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Determining the age of electronic equipment

Determining the age of electronic equipment is fairly easy to do. There’s actually a secret code that allows one to do this and gain other insights into the history of such devices. This works for computers, of course, but also for most any other device that contains computer chips.

You just need to know how to read the code.Most, though not all, computer chips contain a date code. The code is four digits long and contains the year and week of manufacture.

Take a look at this picture of a Commodore 64 motherboard. You’ll see chips with the codes 3583, 3083, 8338, and 2084 on them. These chips date to the 35 week of 1983, 30th week of 1983, 38th week of 1983, and 20th week of 1984, respectively.

So I know that particular C-64 rolled out of the factory in mid 1984 at the very earliest, based on the date of the 6581 chip at position U8.

If I were to see this kind of disparity today, I would suspect the unit has a repair history. But I happen to know Commodore was notorious for stockpiling chips in warehouses for months or even years. Sometimes their decisions regarding product design were based more on what was in the warehouses than any other factor. Today, that’s a good way to go out of business, so you don’t see that practice much anymore. When you do, it almost always means a chip had to be replaced for some reason.

A memory DIMM on my desk has codes reading 0038 on its chips. So those chips date to the 38th week of 2000.

It’s a bad idea to buy a memory module with mismatched dates on its chips. That almost always means the module underwent repair. Did the person who did the repair do it with the right equipment? Did the person get the right chip? What about the soldering equipment? Did the technician use the proper 15-watt iron, or a 200-watt gun better suited for plumbing applications? I don’t like wondering about such things.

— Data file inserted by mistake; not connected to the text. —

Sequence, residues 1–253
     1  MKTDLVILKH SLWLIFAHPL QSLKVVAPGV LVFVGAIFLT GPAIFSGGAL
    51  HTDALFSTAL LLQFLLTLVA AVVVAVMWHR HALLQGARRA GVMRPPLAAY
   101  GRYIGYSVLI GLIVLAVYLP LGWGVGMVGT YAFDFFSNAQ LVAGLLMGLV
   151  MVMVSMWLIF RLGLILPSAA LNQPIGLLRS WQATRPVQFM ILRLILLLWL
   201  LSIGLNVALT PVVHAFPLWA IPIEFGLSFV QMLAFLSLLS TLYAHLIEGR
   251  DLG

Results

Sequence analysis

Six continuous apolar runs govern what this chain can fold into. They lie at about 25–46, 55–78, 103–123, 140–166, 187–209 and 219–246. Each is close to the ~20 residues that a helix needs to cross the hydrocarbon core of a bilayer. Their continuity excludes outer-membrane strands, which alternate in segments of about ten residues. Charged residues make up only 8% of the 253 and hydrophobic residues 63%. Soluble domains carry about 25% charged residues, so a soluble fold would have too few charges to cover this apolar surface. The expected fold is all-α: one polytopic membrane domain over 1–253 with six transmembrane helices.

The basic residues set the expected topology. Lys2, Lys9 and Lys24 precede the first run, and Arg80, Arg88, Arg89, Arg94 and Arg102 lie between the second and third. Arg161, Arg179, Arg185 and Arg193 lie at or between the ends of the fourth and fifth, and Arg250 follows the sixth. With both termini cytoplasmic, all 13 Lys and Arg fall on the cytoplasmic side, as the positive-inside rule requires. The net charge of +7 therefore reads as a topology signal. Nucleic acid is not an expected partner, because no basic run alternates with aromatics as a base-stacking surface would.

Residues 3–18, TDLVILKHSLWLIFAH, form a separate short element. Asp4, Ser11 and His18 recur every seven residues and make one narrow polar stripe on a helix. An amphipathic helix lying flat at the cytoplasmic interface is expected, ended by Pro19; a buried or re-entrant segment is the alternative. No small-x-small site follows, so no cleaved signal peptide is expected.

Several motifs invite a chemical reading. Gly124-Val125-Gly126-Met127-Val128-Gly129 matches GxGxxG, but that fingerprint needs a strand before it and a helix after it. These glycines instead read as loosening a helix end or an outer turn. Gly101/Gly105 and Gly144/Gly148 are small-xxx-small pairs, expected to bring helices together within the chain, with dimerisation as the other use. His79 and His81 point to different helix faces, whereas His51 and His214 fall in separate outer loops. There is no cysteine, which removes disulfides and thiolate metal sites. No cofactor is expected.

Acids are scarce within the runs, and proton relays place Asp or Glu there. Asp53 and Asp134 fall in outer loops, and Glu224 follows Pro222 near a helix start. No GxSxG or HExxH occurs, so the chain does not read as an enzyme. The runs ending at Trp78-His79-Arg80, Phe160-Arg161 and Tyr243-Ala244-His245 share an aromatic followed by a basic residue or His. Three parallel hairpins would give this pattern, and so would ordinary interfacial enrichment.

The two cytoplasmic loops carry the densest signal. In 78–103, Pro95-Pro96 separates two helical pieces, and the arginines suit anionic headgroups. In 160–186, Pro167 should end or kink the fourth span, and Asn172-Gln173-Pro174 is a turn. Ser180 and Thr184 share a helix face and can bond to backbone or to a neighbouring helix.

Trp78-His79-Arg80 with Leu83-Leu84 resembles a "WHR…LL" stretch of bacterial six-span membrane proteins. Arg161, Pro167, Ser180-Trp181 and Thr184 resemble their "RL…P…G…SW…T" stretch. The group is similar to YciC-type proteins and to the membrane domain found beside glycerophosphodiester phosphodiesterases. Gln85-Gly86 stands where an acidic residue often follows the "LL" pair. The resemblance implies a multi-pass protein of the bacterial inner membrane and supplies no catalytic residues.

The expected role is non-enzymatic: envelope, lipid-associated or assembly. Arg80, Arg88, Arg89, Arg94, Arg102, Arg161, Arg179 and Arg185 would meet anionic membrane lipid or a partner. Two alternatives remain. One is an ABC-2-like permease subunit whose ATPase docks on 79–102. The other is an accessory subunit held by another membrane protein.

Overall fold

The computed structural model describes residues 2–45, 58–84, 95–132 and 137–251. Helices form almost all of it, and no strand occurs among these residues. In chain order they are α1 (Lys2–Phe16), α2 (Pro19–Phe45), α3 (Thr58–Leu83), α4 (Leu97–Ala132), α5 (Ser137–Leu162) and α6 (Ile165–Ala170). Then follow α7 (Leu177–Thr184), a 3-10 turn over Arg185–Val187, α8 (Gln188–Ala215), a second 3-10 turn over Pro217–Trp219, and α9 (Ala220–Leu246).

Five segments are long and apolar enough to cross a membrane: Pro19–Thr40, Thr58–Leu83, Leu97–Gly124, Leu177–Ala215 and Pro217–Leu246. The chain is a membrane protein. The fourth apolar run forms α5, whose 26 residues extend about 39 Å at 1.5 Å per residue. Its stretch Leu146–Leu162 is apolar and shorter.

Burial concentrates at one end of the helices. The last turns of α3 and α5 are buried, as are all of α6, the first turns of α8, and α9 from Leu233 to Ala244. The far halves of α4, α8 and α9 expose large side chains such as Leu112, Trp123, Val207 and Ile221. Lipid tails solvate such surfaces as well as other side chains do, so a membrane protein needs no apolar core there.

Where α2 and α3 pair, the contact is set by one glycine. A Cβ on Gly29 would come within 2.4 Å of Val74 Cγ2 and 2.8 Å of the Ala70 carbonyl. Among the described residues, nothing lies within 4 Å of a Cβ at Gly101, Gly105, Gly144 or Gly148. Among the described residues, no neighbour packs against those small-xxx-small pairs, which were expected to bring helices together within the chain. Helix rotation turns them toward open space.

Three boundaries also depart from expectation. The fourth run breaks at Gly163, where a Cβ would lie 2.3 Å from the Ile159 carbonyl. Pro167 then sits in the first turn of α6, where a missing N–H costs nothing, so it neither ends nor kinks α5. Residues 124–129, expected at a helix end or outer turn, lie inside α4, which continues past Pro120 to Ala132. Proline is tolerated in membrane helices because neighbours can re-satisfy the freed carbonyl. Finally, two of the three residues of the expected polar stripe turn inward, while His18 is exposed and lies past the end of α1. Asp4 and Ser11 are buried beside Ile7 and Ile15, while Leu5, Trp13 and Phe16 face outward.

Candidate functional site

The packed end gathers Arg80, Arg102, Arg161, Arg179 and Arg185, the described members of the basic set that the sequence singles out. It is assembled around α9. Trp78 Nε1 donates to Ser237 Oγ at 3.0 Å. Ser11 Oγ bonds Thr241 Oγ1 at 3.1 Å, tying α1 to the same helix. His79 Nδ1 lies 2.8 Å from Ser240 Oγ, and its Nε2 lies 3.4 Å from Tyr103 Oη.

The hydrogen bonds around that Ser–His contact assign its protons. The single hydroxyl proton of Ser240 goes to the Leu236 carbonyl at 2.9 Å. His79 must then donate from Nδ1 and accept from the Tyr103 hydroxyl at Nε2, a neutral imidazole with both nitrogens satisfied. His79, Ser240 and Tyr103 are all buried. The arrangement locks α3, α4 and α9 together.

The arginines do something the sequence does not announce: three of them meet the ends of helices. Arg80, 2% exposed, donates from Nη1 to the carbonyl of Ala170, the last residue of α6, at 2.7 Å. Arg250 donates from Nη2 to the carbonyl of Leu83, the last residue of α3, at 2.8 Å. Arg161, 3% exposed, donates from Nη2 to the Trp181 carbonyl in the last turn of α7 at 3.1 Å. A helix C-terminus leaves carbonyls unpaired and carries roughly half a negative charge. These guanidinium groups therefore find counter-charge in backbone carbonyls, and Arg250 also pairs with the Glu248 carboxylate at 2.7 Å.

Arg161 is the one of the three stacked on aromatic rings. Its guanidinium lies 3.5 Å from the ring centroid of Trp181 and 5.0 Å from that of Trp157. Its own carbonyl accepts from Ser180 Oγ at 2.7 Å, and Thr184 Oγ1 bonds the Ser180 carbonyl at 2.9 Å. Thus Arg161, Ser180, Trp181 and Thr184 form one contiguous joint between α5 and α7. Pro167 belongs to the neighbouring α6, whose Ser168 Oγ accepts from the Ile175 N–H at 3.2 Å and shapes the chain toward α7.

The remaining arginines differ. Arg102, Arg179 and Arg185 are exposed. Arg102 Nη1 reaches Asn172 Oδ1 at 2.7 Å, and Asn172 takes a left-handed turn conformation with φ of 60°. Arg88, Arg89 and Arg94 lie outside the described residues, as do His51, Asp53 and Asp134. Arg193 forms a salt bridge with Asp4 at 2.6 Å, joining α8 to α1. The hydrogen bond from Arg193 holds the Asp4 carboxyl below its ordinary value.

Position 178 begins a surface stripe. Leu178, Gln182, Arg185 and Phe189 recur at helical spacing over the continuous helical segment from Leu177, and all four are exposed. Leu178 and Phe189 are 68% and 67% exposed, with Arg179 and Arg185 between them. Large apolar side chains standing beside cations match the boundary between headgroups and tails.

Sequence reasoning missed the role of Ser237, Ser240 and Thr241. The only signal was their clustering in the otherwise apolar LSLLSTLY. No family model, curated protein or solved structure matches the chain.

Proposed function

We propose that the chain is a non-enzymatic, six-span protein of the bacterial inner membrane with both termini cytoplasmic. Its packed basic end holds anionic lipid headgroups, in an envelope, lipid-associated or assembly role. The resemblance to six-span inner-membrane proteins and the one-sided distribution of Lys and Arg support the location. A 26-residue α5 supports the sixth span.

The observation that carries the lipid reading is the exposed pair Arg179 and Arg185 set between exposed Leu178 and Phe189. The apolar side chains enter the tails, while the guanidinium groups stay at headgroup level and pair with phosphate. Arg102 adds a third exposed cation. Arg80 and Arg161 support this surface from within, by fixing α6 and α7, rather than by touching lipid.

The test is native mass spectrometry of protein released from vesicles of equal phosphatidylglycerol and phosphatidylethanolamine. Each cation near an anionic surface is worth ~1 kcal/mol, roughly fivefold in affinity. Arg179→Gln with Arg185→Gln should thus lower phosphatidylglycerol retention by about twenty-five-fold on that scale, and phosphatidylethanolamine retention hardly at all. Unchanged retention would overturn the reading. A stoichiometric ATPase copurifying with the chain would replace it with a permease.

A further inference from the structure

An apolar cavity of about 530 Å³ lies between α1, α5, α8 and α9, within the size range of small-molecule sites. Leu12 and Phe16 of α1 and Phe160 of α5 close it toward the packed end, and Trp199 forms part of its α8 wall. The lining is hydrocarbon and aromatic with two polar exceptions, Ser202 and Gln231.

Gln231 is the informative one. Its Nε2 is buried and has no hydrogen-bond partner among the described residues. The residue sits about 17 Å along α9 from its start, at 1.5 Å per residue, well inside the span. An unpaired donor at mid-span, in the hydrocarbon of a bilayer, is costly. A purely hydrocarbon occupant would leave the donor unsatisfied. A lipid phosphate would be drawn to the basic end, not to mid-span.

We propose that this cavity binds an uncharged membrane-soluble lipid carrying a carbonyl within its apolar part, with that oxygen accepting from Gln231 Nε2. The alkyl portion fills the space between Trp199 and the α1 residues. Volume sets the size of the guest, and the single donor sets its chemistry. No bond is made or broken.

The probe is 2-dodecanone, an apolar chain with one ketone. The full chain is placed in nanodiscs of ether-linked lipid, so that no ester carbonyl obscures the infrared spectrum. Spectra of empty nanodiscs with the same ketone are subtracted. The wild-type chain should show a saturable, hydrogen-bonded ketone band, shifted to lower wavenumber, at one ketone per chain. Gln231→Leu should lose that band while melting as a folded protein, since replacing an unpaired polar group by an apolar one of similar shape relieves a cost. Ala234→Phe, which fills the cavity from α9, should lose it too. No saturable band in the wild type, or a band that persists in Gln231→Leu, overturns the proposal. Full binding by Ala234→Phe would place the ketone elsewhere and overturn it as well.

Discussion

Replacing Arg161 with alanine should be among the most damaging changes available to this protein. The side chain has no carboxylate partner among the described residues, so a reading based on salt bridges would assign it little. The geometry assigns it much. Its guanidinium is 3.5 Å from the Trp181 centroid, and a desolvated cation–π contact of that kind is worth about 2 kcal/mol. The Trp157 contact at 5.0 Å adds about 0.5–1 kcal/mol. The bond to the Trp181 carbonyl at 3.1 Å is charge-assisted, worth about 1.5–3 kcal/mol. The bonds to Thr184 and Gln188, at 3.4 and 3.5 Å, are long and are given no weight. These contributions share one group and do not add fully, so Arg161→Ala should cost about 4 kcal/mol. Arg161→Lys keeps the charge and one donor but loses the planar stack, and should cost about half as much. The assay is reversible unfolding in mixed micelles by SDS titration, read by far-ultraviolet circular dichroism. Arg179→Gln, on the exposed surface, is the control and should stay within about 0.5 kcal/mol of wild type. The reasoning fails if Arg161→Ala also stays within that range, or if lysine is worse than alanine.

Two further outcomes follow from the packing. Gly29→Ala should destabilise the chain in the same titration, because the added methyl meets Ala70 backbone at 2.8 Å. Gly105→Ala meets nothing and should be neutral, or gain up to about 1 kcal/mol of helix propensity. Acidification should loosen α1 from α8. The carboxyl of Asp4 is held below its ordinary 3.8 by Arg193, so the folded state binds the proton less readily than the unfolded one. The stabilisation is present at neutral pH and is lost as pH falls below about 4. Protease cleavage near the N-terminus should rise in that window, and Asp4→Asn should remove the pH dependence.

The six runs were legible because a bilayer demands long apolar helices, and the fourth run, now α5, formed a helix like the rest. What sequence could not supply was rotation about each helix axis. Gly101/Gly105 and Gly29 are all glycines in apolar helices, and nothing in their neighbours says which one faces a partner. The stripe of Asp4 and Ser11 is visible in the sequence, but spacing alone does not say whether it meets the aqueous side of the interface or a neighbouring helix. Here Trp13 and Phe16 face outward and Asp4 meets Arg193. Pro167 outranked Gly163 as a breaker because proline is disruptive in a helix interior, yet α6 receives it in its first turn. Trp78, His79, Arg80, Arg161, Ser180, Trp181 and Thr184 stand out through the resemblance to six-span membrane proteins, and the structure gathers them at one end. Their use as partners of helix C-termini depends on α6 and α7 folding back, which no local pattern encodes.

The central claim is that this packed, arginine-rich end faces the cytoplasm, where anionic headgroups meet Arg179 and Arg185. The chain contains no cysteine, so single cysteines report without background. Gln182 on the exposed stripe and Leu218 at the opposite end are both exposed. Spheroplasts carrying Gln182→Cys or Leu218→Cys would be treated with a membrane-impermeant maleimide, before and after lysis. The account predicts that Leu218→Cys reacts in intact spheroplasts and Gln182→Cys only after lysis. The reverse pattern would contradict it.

With other devices it’s a judgment call. If you find a chip with a date that doesn’t belong, examine its solder joints. Sloppy, inconsistent solder joints are bad. Consistent, smooth solder joints are fine. Reconsider buying a device that shows signs of sloppy soldering.

Determining the date of manufacture of a computer’s motherboard and comparing it to those of the video card or hard drive can give you an idea whether those parts have been replaced. In those cases, newer is always better, of course.

If there’s no date of manufacture on the back of a consumer electronics device, this is one way to determine the approximate age of the equipment. I know the device is no newer than the most recent chip on the board.

Whether you’re looking for red flags or just trying to satisfy your curiosity, the datestamps on chips can be a useful tool for determining the age of electronic equipment.

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